Rights as Signals

42 Pages Posted: 27 Dec 2000

See all articles by Daniel A. Farber

Daniel A. Farber

University of California, Berkeley - School of Law

Multiple version iconThere are 2 versions of this paper

Date Written: December 18, 2000


Besides its direct moral benefits, human rights protection may also serve an indirect economic function by conveying a signal about the government in question. Because rights operate as trumps over normal governmental decisions, they have an inherent cost. Because protection of human rights is costly to governments, a government's embrace of constitutionalism provides a broader message about its commitments. In particular, by entrenching protection for human rights, governments can communicate that they are willing to give up power in the short-term to obtain long-term benefits. Investors can infer from this that the government has a low discount rate and is less likely to pose a threat of expropriation. Similarly, when courts vigorously enforce human rights against their governments, they dramatize in the strongest possible way their judicial independence. An independent judiciary is valuable to investors who themselves have no interest in human rights whatsoever. Thus, as a beneficial side-effect, human rights enforcement might help encourage investment and thereby indirectly foster economic growth.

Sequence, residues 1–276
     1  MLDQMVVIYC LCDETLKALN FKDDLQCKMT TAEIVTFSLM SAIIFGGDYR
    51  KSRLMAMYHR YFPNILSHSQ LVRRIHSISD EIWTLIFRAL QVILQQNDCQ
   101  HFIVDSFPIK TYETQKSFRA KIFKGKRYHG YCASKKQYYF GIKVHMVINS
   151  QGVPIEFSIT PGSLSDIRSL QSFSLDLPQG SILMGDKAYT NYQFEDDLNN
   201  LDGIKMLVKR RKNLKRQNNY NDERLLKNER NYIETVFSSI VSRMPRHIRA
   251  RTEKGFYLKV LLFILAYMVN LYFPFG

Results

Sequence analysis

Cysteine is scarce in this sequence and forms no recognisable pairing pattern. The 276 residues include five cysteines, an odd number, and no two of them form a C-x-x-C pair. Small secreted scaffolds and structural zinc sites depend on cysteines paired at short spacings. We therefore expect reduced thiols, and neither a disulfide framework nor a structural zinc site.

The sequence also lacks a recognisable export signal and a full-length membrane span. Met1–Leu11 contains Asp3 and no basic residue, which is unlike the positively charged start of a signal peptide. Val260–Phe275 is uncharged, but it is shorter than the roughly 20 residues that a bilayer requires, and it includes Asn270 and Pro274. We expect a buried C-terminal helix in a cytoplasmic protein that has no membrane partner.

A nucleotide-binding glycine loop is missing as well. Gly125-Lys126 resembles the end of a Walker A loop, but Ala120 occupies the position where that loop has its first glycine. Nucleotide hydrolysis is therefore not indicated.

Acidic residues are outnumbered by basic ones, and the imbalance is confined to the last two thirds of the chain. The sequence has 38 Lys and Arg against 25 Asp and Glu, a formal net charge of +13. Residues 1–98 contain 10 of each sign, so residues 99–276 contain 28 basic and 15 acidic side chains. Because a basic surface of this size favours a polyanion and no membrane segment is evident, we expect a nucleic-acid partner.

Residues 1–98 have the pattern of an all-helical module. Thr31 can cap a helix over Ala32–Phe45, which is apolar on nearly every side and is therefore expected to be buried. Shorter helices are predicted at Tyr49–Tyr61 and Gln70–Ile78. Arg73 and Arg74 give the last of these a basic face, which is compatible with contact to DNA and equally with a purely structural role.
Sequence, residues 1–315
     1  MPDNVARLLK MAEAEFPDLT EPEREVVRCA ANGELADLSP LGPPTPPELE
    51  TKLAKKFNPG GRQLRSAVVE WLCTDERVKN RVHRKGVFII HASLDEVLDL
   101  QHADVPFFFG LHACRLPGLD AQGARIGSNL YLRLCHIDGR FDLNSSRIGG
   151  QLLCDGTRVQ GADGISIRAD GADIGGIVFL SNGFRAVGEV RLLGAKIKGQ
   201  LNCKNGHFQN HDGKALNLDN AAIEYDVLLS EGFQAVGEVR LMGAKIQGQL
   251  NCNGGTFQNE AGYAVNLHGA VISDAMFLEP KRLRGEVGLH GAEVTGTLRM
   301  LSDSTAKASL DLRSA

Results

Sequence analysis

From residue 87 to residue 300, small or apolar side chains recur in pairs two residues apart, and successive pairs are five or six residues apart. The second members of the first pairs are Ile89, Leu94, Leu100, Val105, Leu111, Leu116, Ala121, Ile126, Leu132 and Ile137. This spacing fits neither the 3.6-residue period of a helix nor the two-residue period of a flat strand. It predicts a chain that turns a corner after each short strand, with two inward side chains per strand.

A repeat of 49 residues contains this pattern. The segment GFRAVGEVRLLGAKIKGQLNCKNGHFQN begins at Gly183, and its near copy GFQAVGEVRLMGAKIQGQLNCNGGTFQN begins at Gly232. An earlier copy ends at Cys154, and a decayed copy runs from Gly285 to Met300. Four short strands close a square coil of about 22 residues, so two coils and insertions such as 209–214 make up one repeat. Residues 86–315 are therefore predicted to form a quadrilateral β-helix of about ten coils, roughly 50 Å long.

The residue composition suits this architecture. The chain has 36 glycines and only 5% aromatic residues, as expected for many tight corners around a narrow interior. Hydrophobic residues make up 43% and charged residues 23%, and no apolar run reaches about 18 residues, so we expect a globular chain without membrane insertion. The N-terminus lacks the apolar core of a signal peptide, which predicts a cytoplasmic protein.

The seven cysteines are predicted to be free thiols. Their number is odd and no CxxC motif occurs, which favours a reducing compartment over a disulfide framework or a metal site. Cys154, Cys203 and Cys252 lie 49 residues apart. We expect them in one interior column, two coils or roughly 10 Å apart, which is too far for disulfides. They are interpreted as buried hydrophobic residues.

Suggested Citation

Farber, Daniel A., Rights as Signals (December 18, 2000). Available at SSRN: https://ssrn.com/abstract=254349 or http://dx.doi.org/10.2139/ssrn.254349

Daniel A. Farber (Contact Author)

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